This series of five pictures does not have an X-ray in it! These were taken at the Ewan Country Race meeting in Northern Queensland a couple of years ago. As an experiment I’ve rendered them in black-and-white with just a touch of colour in each. I’m asking for comments and suggestions on technique and choice of subject.
This picture is simply a celebration of the number of mobile X-rays done in hospital for people who are too ill to come to the X-ray department for their investigation. It requires a certain kind of dedication on the part of the radiographers who must be obsessional about getting the patient, the cassette, and the X-ray tube just right, not to mention the problems with low-powered machines, and unconscious or difficult patients. I greatly respect the technicians who can produce excellent mobile images.
A recent mail-out from a gallery showing pictures of an artist who paints on the reverse side of Perspex sheets using coloured inks, and then lights them from behind inspired this image. It was obtained by layering various coloured images and then using a masking tool to cut out sections allowing under layers to show through. The margins and edges were then smudged with a large brush to push the colours around in a soft intermixing appearance. On top I laid down the stripey segmented image copied from the bottom layer, textured it and tried the DROP SHADOW tool which didn’t work because the shadows were uniform across the image giving a flat appearance. I wanted the layer to look as though it was bent upward away from the lower layers. So I copied it, placed the copy under the original, warped and reduced opacity, using the MULTIPLY blending mode to form the shadow effect I was trying to achieve.
I’m fairly pleased with this picture, it has not achieved quite the flat texture of the inspiration piece, but it has taken on its own meaning, and that’s a good thing. It’s best regarded as an experiment and a piece of development.
For this challenge “365 Degrees” a portrait of myself was superimposed upon the same portrait reversed as a mirror image. It was then segmented and the elements painted and textured, each treated with a different filter to produce a mask-like figure, the mask split by my own Chest X-ray taken when I had pleurisy in Pondicherry, India, a few years ago.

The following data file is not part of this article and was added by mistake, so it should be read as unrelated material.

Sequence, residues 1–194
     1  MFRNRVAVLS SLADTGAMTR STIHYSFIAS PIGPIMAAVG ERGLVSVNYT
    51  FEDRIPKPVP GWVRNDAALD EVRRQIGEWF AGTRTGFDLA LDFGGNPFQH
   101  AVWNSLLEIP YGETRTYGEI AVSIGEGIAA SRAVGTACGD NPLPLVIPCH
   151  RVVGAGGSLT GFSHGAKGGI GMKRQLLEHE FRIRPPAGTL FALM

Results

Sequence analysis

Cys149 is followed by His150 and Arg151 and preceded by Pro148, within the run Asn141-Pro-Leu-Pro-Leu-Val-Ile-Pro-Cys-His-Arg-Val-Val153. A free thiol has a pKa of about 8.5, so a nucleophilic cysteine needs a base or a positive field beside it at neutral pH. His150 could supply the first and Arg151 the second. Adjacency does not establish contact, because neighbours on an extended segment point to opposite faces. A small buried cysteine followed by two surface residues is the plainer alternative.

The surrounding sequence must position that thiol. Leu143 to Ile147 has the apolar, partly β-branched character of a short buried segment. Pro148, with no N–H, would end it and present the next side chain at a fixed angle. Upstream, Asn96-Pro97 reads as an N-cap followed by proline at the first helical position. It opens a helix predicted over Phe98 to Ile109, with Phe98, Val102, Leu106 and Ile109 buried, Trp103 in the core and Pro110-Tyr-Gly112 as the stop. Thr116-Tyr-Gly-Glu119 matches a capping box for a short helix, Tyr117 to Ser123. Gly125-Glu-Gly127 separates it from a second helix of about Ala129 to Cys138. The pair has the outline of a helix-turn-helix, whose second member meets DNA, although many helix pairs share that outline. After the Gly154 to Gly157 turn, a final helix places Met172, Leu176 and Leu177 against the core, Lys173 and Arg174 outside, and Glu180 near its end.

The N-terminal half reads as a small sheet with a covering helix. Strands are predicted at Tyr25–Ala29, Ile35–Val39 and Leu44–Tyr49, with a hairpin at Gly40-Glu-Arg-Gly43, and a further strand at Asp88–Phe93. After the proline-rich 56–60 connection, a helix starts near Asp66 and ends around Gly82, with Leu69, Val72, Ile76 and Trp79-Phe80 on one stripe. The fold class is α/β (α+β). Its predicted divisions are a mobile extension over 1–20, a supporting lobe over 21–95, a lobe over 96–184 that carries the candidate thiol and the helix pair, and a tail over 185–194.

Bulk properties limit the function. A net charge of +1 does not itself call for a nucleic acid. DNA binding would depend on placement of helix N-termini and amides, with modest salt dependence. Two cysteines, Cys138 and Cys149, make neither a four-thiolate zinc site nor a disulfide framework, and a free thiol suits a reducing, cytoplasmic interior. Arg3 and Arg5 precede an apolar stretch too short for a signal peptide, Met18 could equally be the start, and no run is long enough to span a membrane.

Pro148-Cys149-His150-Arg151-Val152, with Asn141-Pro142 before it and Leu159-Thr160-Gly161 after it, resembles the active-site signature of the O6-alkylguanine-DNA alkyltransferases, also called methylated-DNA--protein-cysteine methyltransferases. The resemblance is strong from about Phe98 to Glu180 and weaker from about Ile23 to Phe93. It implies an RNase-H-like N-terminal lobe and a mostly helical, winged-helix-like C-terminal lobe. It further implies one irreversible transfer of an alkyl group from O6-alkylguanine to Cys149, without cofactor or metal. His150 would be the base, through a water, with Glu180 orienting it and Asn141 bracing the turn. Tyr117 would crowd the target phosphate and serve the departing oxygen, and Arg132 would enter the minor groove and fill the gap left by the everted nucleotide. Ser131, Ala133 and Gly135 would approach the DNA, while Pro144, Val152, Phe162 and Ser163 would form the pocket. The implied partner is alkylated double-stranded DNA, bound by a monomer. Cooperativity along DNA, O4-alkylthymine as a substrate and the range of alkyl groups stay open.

Making a self-portrait is itself a challenge, it is inherently autobiographical. In these times selfie photographs are bandied about two a penny, but they nevertheless reveal something of the identity. In this selfie I discover aspects of myself not previously realised. In some ways this image is personally significant; quite a brutal exposure, which I hesitate to explain further.
Photography is the art of documentation and a self-portrait is a singular document; it mirrors reality with precision and incredible detail. But it can also be used to question our perception of reality producing elaborate fiction within the image. Photographs are not mere recording devices. In a way the photograph is analogous to a stage upon which to enact our own story. Fiction contains elements of truth, sometimes well hidden. For an actor, the character is the mask that hides the actor, he is protected by it; it allows him to lay down his soul, bare to the last intimate detail.
Circles within circles, and circles interacting with circles. For this challenge I raided every picture in my stash with a circle in it. They have been blended and segmented and overlaid to produce this complex picture. It is a step away from the simpler pictures I have been doing, but I hope it works.
There is a spiral within these interactions that focusses on a small yellow ball. The focus is extracted from an X-ray image of a child who had swallowed a 20¢ piece. It was stuck in his throat at the thoracic inlet. Coins and button batteries seem to be the main foreign bodies children swallow these days, the latter can give a large dose of lithium and poison the child, the former can get stuck and if not removed, erode through the oesophagus causing all kinds of mischief.
With this post I reach the end of this alphabet series, and in some ways it is a relief, in others a fascinating journey. Looking back over the pictures for this series it has been interesting to see how my focus has changed, how I have used varied techniques, and how different the impact of the pictures has been.